Having suffered and lived with substance misuse as a teenager and into adulthood, I know firsthand the trials and difficulties people with substance use disorder face. I was fortunate to have read many articles on human behaviour, drugs, alcohol, and medications. Also, I was lucky to have received patient help from knowledgeable colleagues and friends. I was always very interested in why people do what they do: specifically counter-survival harmful activities, which was one of my main concerns in my behaviour. But that is the nature of the beast.
In 1998, a group approached me. They were opening a new private treatment centre in Montreal. I was even more interested and intrigued when they explained the methodology involved.
After working at the centre for three years, supporting and supervising clients in their progress, I was offered training in Oklahoma. I would become a case manager for the facility. I received training in withdrawal management, detoxification, life skills, and case management. After an intensive schedule, I graduated and was certified as a case manager. I then returned to Canada and started my new function.
Within the first year, we went from 10 clients to more than 40, and the centre continued to expand each year. The one thing above all I learned from my training was that one has to care and honestly want to help another person. This can only be done with an understanding of substance misuse, people and what makes them do what they do. Having increased my knowledge of the subject, I found that when I would question someone struggling with the program, they were always very willing to talk to me.
I found out very early that the best help one can give is the ability to listen. Anyone suffering from addiction really wants to tell their side of the story. The fact that people with substance use disorder do not openly speak up is often based on the stigma surrounding the subject. It only tends to make the person shut down.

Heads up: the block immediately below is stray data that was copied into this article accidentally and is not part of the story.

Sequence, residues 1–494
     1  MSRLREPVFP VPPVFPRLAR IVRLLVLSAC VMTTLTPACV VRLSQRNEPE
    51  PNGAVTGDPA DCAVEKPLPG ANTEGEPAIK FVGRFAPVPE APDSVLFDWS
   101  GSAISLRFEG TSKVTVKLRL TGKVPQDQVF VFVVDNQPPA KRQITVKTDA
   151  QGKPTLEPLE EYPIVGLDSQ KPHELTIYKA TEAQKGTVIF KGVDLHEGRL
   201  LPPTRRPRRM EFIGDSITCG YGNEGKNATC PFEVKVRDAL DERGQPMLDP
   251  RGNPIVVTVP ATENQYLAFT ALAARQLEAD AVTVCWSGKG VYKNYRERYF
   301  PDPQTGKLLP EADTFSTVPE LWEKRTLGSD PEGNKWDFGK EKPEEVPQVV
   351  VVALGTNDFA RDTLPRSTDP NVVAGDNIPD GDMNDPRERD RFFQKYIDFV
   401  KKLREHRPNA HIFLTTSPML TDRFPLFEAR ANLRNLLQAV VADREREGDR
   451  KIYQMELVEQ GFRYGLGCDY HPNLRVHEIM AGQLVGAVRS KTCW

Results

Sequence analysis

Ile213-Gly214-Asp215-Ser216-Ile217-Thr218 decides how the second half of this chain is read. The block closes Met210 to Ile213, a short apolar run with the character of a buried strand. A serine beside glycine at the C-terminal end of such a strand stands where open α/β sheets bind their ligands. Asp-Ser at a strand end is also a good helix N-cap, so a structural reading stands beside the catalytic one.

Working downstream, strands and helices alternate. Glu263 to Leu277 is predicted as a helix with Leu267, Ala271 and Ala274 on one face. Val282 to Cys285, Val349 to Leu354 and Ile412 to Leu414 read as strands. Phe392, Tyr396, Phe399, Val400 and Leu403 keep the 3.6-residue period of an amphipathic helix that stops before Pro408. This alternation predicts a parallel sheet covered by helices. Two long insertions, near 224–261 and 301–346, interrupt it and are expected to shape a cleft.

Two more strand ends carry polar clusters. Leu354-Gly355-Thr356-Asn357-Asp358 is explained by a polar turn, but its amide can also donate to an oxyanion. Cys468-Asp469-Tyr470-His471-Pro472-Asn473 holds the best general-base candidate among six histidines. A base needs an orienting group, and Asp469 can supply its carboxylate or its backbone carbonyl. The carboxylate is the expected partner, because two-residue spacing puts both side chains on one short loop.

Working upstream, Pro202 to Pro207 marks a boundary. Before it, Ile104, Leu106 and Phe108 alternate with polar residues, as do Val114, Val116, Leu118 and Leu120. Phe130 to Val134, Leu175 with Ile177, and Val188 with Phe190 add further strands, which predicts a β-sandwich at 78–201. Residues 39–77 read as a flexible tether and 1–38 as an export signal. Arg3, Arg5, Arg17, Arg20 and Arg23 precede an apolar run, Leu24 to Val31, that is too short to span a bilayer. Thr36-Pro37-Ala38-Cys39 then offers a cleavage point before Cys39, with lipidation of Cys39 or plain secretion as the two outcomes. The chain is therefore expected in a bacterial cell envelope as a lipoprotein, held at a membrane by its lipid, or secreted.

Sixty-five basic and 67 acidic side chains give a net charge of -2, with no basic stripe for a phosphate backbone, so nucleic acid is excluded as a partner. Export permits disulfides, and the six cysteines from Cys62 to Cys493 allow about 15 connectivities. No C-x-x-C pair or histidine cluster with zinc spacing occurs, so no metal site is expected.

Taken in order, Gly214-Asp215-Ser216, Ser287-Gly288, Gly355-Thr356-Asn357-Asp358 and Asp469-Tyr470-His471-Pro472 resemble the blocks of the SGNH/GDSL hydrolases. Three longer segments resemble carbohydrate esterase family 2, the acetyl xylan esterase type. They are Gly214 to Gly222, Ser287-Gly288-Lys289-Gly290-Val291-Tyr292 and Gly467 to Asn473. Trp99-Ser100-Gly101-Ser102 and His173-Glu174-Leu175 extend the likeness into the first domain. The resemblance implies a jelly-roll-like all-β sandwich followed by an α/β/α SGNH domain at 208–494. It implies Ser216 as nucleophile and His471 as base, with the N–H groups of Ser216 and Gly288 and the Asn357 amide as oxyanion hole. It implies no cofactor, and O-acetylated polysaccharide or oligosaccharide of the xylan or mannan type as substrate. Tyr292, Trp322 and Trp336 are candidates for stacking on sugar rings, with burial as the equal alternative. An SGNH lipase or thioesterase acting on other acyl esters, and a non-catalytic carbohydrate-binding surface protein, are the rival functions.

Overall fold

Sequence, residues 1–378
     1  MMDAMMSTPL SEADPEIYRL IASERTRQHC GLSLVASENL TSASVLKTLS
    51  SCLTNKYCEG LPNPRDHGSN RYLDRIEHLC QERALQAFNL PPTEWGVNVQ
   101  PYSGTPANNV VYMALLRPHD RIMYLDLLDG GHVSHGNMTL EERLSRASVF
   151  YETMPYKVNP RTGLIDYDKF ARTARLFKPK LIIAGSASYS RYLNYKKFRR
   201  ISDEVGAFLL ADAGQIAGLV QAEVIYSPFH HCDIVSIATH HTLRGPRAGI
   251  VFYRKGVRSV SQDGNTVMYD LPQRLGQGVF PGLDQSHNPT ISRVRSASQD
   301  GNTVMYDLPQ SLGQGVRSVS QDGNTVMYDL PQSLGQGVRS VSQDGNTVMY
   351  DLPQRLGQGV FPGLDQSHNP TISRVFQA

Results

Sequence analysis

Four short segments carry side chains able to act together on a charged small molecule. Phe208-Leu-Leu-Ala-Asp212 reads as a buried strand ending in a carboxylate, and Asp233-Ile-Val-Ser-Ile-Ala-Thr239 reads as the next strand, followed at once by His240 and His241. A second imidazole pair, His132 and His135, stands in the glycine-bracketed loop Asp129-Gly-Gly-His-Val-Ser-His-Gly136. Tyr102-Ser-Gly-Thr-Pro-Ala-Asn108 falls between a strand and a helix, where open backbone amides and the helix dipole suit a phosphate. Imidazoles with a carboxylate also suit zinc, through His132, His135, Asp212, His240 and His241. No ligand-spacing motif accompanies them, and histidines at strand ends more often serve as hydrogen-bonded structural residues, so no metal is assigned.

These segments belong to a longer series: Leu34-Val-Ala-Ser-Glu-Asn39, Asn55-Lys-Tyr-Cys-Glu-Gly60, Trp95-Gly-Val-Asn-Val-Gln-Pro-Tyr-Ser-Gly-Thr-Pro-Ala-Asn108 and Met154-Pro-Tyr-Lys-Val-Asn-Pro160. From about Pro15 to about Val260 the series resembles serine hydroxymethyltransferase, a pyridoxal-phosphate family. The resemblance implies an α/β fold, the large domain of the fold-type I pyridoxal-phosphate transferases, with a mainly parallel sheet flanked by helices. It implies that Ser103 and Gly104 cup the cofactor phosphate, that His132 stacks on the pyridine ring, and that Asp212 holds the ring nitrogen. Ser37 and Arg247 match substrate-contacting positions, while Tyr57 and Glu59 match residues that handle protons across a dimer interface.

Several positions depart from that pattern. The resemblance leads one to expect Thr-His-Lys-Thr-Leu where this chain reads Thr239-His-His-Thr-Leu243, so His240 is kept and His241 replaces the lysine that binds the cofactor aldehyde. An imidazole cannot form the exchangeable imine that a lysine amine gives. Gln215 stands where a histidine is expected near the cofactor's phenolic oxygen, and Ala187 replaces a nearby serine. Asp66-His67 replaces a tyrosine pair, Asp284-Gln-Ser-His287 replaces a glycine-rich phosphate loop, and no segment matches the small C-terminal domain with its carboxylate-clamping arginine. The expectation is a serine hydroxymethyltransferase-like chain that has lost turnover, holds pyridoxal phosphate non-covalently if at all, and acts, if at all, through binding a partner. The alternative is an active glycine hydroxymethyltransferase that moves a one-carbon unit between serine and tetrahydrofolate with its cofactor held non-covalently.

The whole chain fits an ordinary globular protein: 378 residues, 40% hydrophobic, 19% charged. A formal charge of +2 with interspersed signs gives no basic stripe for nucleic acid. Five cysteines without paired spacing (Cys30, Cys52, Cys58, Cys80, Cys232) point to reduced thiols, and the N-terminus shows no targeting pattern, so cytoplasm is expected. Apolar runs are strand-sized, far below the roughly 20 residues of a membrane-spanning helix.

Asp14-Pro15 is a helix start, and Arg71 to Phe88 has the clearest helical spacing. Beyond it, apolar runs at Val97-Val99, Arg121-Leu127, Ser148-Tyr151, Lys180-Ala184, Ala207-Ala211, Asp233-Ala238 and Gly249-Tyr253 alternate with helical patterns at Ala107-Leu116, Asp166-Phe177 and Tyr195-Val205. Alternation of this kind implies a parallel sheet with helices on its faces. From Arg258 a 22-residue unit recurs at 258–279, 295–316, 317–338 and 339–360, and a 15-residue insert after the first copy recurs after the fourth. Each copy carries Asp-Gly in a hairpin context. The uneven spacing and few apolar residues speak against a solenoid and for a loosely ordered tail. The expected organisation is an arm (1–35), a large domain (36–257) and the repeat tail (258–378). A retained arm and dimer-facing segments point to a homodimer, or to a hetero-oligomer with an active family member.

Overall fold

I recall one 18-year-old client from British Columbia brought to us after her second heroin overdose. For the first weeks, she was very introverted, attempting to hide and not wanting to bring attention to herself. It took a good amount of patience and time for me to become a safe person for her. She was a beautiful young woman hiding behind heavy black mascara, green and purple hair, and Goth clothing.
I finally discovered the reason behind her hiding and apathetic view towards life – in her view, “the planet was dying, and society did not care, so why should she.” Her sharing her view was a major break in her case. Now, we could work on a program to increase her belief in humankind again and in herself. This person is now in her forties, still drug-free, and the proud mother of a successful teenage daughter.
Being a case manager is more than just words in study books and published papers. A case manager must understand people, addiction and, above all, care. One can achieve this by rubbing elbows with people from all walks of life. I am not saying that one must have experience substance use disorder to help one suffering from it. I mean, honest help and caring for others are key factors in any detox or rehabilitation process. Over the years, it has been my privilege and honour to help many struggling with addiction. My philosophy is that something can be done about it, no matter the substance or severity.